Re-set time! Doi/Saito do a thing, then Dragon Kid hits Déjà Vu (Multiple revolution headscissors), Genki somersault dives Doi hits Excalibur’s favorite move, the Orihara Moonsault! CIMA eats Saito’s powerbomb from a rana attempt and it’s Rolling Perfect Plexes into a buster variant for two. BG triple-charge CIMA in the corner and bulldog Dragon Kid off his shoulders for two. Crazy hangtime missile kick gets two for Yoshino- dude just hung in mid-air there. Dragon Kid stunners out of a suplex but tries Déjà Vu on big Doi and eats an Inverted Ligerbomb! Kid bails and Genki tries a 2nd-rope moonsault but eats knees, but inverted DDTs Doi out of a fireman’s for two. Genki charges into a fireman’s mat slam for two, but Doi climbs and gets caught- Saito hoists him onto his shoulders (the whole crowd stands up here) and Dragon Kid hits a Super Frankensteiner off of THERE… and a flying splash gets 2.9! The crowd’s sold, now.
Dragon Kid tries another rana but gets caught upside-down and Yoshino slide-kicks him, but gets missile kicked by Genki, who’s superkicked by CIMA, but tries his Backslide From Heaven (his finisher is a BACKSLIDE? In a MOVEZ federation? My hero!), but has to settle for a DDT. Doi hits him with the Lo Down, but takes Saito’s rana, then Saito catches a spinning Yoshino with a Bridging German for two! Springboard Ultra Hurricanrana by Dragon Kid to Yoshino- Blood Generation saves! DK climbs, but CIMA tries his Iconoclasm, but is caught by Saito, whom DK flying sunset flips to enable a German from his partner! And Genki comes in with his Beach Break (cross-legged back to belly piledriver- yes, Orange Cassidy got it from him), but he’s too hurt to capitalize- two! Blood Generation charge in and kick everyone’s asses, setting up Saito for a triple-team I’ve remembered for years- picking him up in assisted DDT position, but spinning around so he’s draped across their shoulders as they’re back-to-back, and CIMA hits a FLYING STOMP to him from there! Genki gets his back destroyed by a kick and Dragon Kid is the last one standing, by tries another Ultra Rana and CIMA catches him with an Air Raid Crash (over-the-shoulder cradle inverted DDT)- 2.8! Doi dropkicks DK for two, then sets him up on his shoulders on the top, but DK reverses to a Super Diamond Cutter, and hits his physics-defying finisher, the Dragon Rana (flying somersault rana) for the three at (20:33). Sheer mayhem and we’re done at last!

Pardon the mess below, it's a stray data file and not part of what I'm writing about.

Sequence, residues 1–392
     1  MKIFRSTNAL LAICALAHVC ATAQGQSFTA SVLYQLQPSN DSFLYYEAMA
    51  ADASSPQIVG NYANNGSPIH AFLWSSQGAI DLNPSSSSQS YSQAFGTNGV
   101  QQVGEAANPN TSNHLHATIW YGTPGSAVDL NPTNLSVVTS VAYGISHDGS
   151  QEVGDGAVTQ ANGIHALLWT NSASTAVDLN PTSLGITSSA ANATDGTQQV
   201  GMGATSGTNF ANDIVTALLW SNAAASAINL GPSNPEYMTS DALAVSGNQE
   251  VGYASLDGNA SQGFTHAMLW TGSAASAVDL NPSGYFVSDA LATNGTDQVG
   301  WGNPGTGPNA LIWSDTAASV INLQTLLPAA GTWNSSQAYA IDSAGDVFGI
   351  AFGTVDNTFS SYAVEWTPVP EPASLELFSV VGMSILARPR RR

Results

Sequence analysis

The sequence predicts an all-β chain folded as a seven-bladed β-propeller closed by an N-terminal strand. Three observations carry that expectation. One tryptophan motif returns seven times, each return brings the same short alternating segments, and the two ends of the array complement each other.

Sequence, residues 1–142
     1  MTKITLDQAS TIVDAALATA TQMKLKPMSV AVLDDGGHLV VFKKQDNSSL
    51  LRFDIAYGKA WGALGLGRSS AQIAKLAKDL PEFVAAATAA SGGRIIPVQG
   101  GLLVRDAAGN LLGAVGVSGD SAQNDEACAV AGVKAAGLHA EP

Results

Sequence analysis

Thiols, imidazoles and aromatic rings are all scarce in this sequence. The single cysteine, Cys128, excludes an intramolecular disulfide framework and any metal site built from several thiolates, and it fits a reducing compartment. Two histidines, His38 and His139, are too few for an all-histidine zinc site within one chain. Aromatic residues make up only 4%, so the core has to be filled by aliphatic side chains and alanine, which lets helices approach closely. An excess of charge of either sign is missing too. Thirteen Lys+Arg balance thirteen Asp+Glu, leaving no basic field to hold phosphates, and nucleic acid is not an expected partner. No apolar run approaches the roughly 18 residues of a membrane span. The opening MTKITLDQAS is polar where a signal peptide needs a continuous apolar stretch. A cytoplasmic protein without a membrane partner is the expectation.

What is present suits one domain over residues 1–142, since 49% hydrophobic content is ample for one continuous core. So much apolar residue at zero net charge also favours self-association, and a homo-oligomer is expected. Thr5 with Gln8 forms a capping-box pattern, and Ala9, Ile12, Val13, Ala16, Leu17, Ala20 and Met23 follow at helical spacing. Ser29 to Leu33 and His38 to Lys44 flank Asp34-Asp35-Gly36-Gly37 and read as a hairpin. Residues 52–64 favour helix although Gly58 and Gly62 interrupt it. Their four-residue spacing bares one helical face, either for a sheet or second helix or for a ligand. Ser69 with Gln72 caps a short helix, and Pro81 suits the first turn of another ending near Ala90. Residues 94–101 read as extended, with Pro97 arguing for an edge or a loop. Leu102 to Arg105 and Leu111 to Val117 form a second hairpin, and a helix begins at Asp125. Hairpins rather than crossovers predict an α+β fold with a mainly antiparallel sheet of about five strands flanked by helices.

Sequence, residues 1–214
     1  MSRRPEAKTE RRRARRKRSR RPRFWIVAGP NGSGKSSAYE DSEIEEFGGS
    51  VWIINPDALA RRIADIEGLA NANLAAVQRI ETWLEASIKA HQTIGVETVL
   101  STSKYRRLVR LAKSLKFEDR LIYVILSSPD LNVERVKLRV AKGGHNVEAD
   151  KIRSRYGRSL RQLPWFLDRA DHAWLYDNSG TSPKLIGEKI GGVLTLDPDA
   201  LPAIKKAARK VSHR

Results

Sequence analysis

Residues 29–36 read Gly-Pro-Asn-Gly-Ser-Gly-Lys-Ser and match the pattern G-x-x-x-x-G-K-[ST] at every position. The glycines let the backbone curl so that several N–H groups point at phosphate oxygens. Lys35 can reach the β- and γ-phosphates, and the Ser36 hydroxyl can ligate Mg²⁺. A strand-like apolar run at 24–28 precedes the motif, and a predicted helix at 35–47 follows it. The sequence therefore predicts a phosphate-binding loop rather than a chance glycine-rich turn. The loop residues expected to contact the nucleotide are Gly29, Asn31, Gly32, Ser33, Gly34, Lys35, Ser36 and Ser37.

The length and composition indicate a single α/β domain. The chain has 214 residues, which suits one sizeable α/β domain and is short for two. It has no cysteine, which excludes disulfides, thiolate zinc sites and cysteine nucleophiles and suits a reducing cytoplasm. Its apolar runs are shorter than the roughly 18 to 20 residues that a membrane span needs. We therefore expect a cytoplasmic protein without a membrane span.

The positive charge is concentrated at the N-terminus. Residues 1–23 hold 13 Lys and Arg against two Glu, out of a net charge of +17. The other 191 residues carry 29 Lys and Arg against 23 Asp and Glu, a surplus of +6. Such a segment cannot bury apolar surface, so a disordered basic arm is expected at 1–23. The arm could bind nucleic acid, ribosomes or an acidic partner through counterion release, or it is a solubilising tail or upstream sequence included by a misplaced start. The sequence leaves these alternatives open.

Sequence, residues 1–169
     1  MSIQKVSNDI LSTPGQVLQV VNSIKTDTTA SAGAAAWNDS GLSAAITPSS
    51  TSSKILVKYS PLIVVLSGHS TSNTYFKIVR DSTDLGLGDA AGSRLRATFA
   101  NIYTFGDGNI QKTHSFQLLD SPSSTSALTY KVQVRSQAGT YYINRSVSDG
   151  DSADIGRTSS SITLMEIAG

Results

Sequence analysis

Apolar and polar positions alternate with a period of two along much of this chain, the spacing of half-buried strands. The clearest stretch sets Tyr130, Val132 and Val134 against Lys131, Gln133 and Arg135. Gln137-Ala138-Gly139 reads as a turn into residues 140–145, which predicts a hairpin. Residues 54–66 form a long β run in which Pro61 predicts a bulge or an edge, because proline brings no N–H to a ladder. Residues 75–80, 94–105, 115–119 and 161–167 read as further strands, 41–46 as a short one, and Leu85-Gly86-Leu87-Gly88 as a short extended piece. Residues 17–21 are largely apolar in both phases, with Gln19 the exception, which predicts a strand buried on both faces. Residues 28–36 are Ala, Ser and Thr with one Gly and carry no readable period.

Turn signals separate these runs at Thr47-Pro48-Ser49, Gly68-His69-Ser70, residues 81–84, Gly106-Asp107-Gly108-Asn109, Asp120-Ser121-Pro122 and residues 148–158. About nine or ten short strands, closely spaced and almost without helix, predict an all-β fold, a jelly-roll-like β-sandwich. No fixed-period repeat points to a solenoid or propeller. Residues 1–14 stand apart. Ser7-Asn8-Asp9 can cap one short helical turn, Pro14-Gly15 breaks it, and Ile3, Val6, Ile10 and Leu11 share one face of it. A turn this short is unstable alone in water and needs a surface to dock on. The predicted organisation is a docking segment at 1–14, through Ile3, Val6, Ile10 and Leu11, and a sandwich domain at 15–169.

See, now THIS is why this is one of the all-time MOVEZ matches and others get forgotten. They start slow, then BUILD to the big moves, giving you random blitzes here and there (notice how the first minute is rapid-fire) before settling back down. Notice the long, slow heat sequence on Genki- they slow it RIGHT down to make the later stuff stick more- something wrestling has lost (just check AEW’s Trios stuff where they’re doing powerbombs and super DDTs in the opening 5 minutes). Like they hit a great triple-team on Genki (with two leapfrog slams and a flying stomp) and then it’s an abdominal stretch and SUPLEX REVERSAL as the next moves, not more giant moves. They let it BREATHE. I like how not every guy’s flippy, too- Doi & Saito appear to be more powerhouse-style wrestlers, even in the Junior style, so their stuff feels and hits different. And then, gloriously, it’s MOVEZ MOVEZ AND MORE MOVEZ as each guy trades off and does insane stuff- they keep you guessing so an “each guy hits a move then gets killed” sequence leads to Doi hitting two in a row for a near-fall, then it’s Dragon Kid with an all-timer nearfall with the Rey-style Springboard Rana (the old-school, “flip so fast you can’t even see it” variant).